B. The District Court's Findings and Ruling

         ¶ 11 The court found that section 18-1.3-602(3)(d) and (4)(a)(VI), C.R.S. 2013, explicitly contemplated government agencies expending funds for providing medical benefits, health benefits, or nonmedical support services directly related to the condition of the victim and specifically included such agencies in the definitions of restitution and victim. The court specifically cited and relied on language from the 2013 amendments to section 18-1.3-602 and concluded the Department was a victim and, therefore, entitled to the restitution requested. The district court, citing section 18-1.3-602(3)(d), (4)(a)(VI), C.R.S. 2013, also specifically found that the Department was an insurer: "[U]nder the statute, the statute specifically contemplates an insurer, including a public insurer like the [Department]. . . . And so I think under the statute, the [Department] is entitled to restitution." The court did not expressly discuss or rely on section 18-1.3-602(4)(a)(III), C.R.S. 2013, in its ruling.

         ¶ 12 Thus, the court reaffirmed its previous restitution award of $365, 565.07 and denied Oliver's Crim. P. 35(a) objection to that award. This appeal followed.

         II. The Department Was a "Victim"

         ¶ 13 We first address and reject Oliver's contention that the Department was not a "victim" for purposes of restitution.

         ¶ 14 In support of this contention, Oliver argues that the district court imposed an illegal sentence by making a restitution award to the Department for three reasons: (1) because the court considered and relied on statutory language not in effect at the time Oliver committed his crime in determining that the Department was a "victim"; (2) because, under the statute in effect at the time of Oliver's crime, the Department was not a direct "victim" of Oliver's crime; and (3) because the Department was not a "victim" under section 18-1.3-602(4)(a)(III), C.R.S. 2011, as there was no evidence of a written contract between the Department and the deceased officer. We consider each of these arguments and, for the reasons below, conclude that the Department, as an insurer, was a victim under section 18-1.3-602(4)(a)(III), C.R.S. 2011.[1]

         ¶ 15 As an initial matter, we agree with Oliver that the district court erred in considering language from section 18-1.3-602(3)(d), (4)(a)(VI), C.R.S. 2013, in making its restitution award. The court relied on the 2013 version of the statute, which included amended language specifically dealing with public or government agency insurers as victims for purposes of restitution. Ch. 272, sec. 7, § 18-1.3-602(3)(d), (4)(a)(VI), 2013 Colo. Sess. Laws 1429 (capital letters indicating new material). However, this amended language applied only to crimes committed on or after July 1, 2013, and, therefore, did not apply to Oliver's crime, which he committed in June 2012. Id. sec. 19, 2013 Colo. Sess. Laws at 1433. Nevertheless, because we conclude that the Department was a victim under section 18-1.3-602(4)(a)(III), C.R.S. 2011, the district court's reliance on the 2013 version of various other provisions of the statute does not compel reversal of the court's restitution ruling. See People v. Manyik, 2016 COA 42, ¶ 69 (stating that we may affirm a district court's decision on alternative grounds supported by the record).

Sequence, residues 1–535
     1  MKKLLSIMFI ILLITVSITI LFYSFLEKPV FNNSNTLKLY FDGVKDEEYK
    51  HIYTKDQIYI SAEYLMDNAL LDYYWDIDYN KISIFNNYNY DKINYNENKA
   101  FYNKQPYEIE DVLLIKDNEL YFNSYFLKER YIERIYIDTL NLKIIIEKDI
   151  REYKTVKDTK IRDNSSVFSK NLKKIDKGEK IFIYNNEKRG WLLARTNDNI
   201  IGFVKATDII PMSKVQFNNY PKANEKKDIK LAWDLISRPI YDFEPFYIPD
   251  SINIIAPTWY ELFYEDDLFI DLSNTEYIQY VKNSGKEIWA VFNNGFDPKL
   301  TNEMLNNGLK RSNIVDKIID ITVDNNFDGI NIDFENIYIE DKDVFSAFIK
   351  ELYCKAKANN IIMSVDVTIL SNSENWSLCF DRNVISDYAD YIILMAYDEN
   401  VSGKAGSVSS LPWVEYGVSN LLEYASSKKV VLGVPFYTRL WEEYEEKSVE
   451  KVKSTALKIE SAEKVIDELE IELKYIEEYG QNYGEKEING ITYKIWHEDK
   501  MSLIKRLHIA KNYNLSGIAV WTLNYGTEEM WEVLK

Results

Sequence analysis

A. Preservation and Standard of Review

         ¶ 16 Oliver preserved his argument that the restitution order was not authorized by law because the Department was not a "victim" by his written objection to restitution and his arguments at the restitution hearing. "An illegal sentence is one that is not authorized by law, meaning that it is inconsistent with the sentencing scheme established by the legislature." People v. Jenkins, 2013 COA 76, ¶ 11. We review the legality of a sentence de novo. People in Interest of J.S.R., 2014 COA 98, ¶ 12.

         ¶ 17 Oliver's arguments involve a question of statutory interpretation, which is also an issue we review de novo. Jenkins, ¶ 12. More specifically, "[w]hether the sentencing court interpreted the statutory sentencing scheme correctly is a question of statutory interpretation that we review de novo." People v. Rice, 2015 COA 168, ¶ 10. As with any statute, our primary task is to give effect to the General Assembly's intent by first looking to the statute's plain language. E.g., Candelaria v. People, 2013 CO 47, ¶ 12. "To discern the General Assembly's intent, we look to the plain language of the statute, and where that language is clear and unambiguous, we engage in no further statutory analysis." Rice, ¶ 11.

         B. Applicable Law

         1. Restitution Statutes

         ¶ 18 Every judgment of conviction for a felony offense must include an order of restitution to be paid by the defendant. § 18-1.3-603(1), C.R.S. 2016.

         ¶ 19 In the 2011 version of the restitution definitions, the General Assembly defined a "victim" of an offender's conduct for restitution purposes as follows:

(4)(a) "Victim" means any person aggrieved by the conduct of an offender and includes but is not limited to the following:
(I) Any person against whom any felony, misdemeanor, petty, or traffic misdemeanor offense has been perpetrated or attempted;
(II) Any person harmed by an offender's criminal conduct in the course of a scheme, conspiracy, or pattern of criminal activity;
(III) Any person who has suffered losses because of a contractual relationship with, including but not limited to an insurer, . . . for a person described in subparagraph ...